Save the Manatee Club

Save the Manatee is a 501 non-profit group and membership organization dedicated to the conservation of manatees. The organization was founded in 1981 by singer and songwriter Jimmy Buffett, and Governor of Florida Bob Graham. There are currently about 40,000 active members of SMC.
Save the Manatee Club raises funds from the program to go toward public awareness and education projects, manatee research, rescue and rehabilitation efforts, and advocacy and legal action to ensure better protection for manatees and their habitat. The Club has also assisted state and federal governments with research projects in Florida such as aerial surveys, seagrass studies, telemetry studies, manatee photo identification projects, population modeling and the compilation of over twenty years of research on the population of Blue Spring manatees.

International efforts

Save the Manatee Club provides funds, supplies, and other essential equipment to , Belize's only manatee rehabilitation facility. SMC has assisted the Puerto Rico Manatee Conservation Center in raising critical funds needed to repair damage sustained by Hurricane Maria. They also partner with villages in Nigeria, part of the West African manatee’s habitat, providing funding and collaborating with villagers to develop an alternative livelihoods program that provides manatee poachers with a sustainable and legal alternative to taking manatees. Additionally, SMC helps the in Puerto Rico provide care for orphaned and injured manatees.

Stated core values

  1. Supporting the most effective conservation actions possible
  2. Making science-based decisions and supporting science-driven policies
  3. Demanding accountability from policy-makers
  4. Working cooperatively


Save the Manatee Club's membership program is called Adopt-A-Manatee. This program was conceived by Jimmy Buffett in 1984 as a way to increase awareness of the manatee's plight and to get the public involved in their conservation. Today, people can adopt a manatee and become a member of SMC for as little as $25 USD. Currently, the Club has 34 living manatees with known histories available for adoption as well as three memorial adoptions for manatees that have died. The proceeds from this program go toward public awareness and education programs; manatee research, rescue and rehabilitation efforts; and advocacy and legal action to ensure better protection for manatees and their habitat.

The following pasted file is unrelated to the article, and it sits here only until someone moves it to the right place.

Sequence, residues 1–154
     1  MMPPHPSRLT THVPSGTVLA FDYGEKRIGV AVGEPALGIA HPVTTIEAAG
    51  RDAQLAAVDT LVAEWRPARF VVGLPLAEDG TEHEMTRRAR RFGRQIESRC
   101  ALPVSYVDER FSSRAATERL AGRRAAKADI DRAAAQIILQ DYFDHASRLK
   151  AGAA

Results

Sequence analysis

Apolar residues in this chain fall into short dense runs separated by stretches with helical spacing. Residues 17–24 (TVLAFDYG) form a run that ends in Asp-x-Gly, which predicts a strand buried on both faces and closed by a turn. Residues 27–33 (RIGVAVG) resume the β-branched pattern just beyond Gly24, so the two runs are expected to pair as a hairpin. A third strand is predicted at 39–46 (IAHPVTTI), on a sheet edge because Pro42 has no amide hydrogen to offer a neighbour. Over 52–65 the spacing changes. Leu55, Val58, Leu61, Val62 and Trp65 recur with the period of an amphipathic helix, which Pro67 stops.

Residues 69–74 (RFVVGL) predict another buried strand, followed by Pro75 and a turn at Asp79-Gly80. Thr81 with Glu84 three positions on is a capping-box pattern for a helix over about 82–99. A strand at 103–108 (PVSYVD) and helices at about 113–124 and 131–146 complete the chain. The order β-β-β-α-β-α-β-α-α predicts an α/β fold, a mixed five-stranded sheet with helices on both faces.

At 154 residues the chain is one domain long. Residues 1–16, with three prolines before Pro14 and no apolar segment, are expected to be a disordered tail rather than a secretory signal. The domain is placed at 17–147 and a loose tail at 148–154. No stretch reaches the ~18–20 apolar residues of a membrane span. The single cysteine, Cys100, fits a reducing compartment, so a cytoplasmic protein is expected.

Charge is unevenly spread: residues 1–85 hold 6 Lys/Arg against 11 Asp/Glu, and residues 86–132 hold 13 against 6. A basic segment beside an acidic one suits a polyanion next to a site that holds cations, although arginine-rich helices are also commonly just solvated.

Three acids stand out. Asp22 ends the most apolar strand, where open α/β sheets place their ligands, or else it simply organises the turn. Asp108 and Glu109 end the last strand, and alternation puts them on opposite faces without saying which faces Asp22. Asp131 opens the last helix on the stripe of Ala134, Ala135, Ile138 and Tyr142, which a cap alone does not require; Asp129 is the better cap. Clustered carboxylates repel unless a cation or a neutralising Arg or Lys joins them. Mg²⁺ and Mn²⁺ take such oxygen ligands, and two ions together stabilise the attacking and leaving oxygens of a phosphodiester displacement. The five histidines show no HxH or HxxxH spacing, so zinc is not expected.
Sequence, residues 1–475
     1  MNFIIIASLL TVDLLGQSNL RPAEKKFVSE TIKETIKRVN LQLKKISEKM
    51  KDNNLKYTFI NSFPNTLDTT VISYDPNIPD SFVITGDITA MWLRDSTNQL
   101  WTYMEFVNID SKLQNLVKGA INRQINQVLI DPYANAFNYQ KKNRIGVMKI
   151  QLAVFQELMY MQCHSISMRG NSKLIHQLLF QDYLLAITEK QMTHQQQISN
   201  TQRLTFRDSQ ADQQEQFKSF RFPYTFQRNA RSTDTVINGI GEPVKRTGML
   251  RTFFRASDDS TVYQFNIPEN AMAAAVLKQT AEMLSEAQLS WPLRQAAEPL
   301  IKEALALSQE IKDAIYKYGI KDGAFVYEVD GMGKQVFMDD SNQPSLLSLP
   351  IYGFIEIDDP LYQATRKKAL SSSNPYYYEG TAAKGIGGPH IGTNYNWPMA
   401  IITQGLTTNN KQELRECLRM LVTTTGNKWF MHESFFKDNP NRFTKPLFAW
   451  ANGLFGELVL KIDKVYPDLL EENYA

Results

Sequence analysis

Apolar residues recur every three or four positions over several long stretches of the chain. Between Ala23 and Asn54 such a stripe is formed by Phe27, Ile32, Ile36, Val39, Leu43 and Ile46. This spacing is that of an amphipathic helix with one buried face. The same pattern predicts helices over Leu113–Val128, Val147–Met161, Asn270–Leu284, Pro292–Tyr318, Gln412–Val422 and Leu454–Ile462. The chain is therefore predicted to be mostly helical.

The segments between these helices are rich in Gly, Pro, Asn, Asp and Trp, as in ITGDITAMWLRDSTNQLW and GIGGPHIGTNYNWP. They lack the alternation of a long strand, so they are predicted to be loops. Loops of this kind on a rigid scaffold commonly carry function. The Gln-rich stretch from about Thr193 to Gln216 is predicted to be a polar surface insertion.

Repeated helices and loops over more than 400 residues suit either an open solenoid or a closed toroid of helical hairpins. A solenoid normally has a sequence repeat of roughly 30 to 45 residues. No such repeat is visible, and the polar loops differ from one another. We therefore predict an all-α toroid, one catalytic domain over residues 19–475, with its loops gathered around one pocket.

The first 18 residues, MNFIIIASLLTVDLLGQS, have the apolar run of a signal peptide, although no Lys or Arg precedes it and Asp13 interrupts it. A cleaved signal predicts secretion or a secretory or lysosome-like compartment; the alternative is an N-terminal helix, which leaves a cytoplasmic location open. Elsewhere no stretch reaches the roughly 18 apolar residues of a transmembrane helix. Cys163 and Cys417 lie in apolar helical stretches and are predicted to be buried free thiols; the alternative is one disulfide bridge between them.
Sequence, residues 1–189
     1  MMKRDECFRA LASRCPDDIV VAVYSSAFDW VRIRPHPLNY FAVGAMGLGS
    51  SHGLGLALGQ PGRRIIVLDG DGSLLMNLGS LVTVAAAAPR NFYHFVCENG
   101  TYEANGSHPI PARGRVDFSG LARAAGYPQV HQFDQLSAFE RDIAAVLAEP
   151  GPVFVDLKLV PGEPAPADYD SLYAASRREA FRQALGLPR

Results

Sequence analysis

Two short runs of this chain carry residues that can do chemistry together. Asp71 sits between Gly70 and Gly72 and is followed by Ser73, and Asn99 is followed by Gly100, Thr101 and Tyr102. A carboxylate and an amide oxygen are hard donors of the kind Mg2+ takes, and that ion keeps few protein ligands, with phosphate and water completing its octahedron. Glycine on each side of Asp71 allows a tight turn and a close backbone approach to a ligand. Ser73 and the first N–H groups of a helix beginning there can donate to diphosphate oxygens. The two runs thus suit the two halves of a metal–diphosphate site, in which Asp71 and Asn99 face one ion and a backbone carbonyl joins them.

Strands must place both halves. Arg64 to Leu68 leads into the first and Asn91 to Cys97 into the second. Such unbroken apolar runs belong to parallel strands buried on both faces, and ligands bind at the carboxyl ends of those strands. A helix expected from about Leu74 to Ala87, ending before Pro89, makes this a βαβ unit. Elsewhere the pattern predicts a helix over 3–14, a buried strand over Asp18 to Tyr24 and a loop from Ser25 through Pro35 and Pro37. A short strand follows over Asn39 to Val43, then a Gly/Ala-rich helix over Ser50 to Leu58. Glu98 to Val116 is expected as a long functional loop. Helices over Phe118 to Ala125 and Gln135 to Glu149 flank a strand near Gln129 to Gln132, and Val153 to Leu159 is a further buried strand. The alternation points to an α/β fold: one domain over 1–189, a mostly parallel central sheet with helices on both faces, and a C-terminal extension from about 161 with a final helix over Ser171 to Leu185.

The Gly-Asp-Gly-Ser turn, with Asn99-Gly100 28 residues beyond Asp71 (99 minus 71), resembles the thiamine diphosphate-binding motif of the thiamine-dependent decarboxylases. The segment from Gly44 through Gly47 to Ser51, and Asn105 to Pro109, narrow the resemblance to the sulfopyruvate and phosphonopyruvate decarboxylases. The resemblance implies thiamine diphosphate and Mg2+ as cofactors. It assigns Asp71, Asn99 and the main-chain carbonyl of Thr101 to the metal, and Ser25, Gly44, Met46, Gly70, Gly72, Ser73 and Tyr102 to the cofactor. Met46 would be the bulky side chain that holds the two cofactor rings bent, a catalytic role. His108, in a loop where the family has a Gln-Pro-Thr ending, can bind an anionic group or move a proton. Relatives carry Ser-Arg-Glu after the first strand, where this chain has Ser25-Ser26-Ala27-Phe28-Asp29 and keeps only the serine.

On behalf of Save Crystal River, Inc., Pacific Legal Foundation petitioned the United States Fish and Wildlife Service to downlist the West Indian Manatee from an endangered to threatened species. PLF contends that FWS has a legal duty, under the Endangered Species Act, to implement this reclassification, because the species no longer qualifies as endangered.
On March 30, 2017, FWS issued its final rule to downgrade the status of the West Indian manatee from endangered to threatened under the ESA. The rule affects both the Florida and Antillean subspecies and was pursued despite strong scientific and legal evidence that shows the downlisting of manatees is not warranted at this time. SMC believes the FWS decision failed to adequately consider data from 2010 to 2016, during which time manatees suffered from unprecedented mortality events linked to habitat pollution, dependence on artificial warm water sources, and record deaths from watercraft strikes. SMC is currently active in opposing the downlisting.
According to the FWS the criteria that need to be meet in order to add a species to the endangered species list, and to keep them there are: 1. the present or threatened destruction, modification, or curtailment of its habitat or range; 2. overutilization for commercial, recreational, scientific, or educational purposes; 3. disease or predation; 4. the inadequacy of existing regulatory mechanisms; 5. other natural or man-made factors affecting its survival. Any one of these conditions is adequate to add a species to the list. However, manatees, and the Florida manatee in particular, are still at substantial risk from habitat loss and motorboat accidents. Additionally, a red tide outbreak at the beginning of 2016 and throughout 2018, and a shortage of FWS personnel to appropriately enforce its regulations regarding endangered species, put the manatee at even greater risk.